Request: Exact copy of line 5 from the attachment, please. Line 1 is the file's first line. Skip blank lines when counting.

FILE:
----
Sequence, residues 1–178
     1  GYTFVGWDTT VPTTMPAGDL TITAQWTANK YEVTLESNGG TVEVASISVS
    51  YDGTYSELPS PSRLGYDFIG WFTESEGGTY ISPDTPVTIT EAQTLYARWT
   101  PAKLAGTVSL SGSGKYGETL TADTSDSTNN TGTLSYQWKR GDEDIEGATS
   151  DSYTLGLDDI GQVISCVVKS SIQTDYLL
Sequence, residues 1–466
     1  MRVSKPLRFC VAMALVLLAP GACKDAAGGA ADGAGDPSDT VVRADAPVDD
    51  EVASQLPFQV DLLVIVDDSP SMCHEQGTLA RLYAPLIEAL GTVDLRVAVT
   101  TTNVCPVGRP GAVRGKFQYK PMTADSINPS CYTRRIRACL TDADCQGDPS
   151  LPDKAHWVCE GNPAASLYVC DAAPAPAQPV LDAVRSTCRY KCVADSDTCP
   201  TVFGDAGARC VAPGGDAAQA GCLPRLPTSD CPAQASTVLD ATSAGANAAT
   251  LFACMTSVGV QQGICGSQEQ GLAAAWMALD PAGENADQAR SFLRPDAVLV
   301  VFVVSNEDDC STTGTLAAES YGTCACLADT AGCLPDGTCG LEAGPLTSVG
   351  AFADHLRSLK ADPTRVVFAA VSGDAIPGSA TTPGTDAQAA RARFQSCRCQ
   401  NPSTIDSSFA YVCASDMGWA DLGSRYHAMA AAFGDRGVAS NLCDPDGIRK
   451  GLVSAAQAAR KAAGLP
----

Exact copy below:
   151  DSYTLGLDDI GQVISCVVKS SIQTDYLL